Five Free and Easy Tips for Summer Learning
Research about how much children lose ground over the summer is well documented. Harris Cooper of Duke University notes, "Overall, children experience an average summer learning loss across reading and mathematics of about one month" (1996).
The thing is, though, kids don't have to lose over the summer. In fact, you can encourage your child to have a summer of fun and learning with these five free and easy things to do. Try them out!
1. Read Every Day
At the middle school level, reading four to five books over the summer has a positive impact on fall reading achievement comparable to attending summer school (Kim, 2004).
Take your kids to the library often and let them choose which books to check out. Listen to books on tape. Subscribe them to a magazine. Take turns reading to each other. Allow your kids to stay up a half hour later at night as long as they're reading.
2. Use Math Every Day
The largest summer learning losses for all children occur in mathematical computation, an average of 2.6 months (Cooper, 1996).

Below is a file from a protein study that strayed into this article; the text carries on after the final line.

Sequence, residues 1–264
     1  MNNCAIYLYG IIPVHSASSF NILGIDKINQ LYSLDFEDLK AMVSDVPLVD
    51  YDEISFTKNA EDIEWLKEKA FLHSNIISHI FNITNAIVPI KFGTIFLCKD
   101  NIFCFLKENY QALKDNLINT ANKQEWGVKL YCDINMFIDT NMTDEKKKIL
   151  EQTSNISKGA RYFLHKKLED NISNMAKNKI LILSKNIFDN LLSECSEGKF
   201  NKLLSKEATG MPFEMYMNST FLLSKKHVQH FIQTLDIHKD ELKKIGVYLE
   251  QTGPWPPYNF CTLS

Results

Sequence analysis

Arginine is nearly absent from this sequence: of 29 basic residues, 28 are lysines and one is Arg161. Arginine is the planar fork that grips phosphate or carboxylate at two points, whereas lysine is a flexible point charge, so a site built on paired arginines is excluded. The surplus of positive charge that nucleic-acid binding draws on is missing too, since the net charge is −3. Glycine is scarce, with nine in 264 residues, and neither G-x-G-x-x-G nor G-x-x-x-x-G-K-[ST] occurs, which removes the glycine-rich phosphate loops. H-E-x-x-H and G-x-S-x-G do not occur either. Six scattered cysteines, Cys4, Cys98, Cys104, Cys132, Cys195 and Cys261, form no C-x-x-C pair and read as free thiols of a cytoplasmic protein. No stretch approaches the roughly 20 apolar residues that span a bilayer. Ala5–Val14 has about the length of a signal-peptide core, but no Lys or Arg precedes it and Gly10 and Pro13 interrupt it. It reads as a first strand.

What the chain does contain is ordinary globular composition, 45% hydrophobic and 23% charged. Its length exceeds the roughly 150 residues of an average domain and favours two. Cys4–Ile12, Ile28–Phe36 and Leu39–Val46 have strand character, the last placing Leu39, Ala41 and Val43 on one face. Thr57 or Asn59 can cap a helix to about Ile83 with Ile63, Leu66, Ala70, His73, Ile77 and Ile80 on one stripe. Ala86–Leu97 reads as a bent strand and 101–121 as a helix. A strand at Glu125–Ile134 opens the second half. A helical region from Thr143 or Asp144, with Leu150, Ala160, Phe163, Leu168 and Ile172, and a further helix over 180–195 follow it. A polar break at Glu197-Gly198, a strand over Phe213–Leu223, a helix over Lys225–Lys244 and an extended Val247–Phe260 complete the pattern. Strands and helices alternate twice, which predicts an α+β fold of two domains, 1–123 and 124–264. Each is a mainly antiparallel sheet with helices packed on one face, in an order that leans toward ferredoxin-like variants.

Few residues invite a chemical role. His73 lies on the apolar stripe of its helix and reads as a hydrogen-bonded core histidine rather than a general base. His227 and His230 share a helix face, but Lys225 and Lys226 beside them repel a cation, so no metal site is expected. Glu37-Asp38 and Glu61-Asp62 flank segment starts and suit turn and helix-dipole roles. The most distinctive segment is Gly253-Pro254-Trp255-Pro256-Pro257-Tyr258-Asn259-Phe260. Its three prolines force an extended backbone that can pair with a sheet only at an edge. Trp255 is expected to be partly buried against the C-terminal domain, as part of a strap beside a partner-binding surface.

Practice the multiplication tables by making each point in a basketball game worth 7 points (or 8 or 9). Ask your kids to make change at the drive-thru. Show your child how to go to www.coolmath.com to play math games. Make up math word problems in the car and at the dinner table.
3. Get Outside and Play
Intense physical activity programs have positive effects on academic achievement, including increased concentration; improved mathematics, reading, and writing test scores; and reduced disruptive behavior (Journal of School Health 1997).
Find ways to ensure your child is active for 60 minutes each day. Have him or her walk the neighbor's dog, go swimming, play badminton or soccer, take walks, or go for family bike rides. Look for safe, fun ways to play outside together year-round. Go to Family Corner Magazine and PBS Parents for more ideas.
4. Write Every Week
More freshmen entering degree-granting postsecondary institutions take remedial writing courses than take remedial reading courses (NCES 2003).
Reprinted with the permission of Colorín Colorado. © Copyright 2008. All rights reserved.
Add your own comment
Today on Education.com
WORKBOOKSMay Workbooks are Here!
WE'VE GOT A GREAT ROUND-UP OF ACTIVITIES PERFECT FOR LONG WEEKENDS, STAYCATIONS, VACATIONS ... OR JUST SOME GOOD OLD-FASHIONED FUN!Get Outside! 10 Playful Activities
- Kindergarten Sight Words List
- The Five Warning Signs of Asperger's Syndrome
- What Makes a School Effective?
- Child Development Theories
- Why is Play Important? Social and Emotional Development, Physical Development, Creative Development
- 10 Fun Activities for Children with Autism
- Test Problems: Seven Reasons Why Standardized Tests Are Not Working
- Bullying in Schools
- A Teacher's Guide to Differentiating Instruction
- Steps in the IEP Process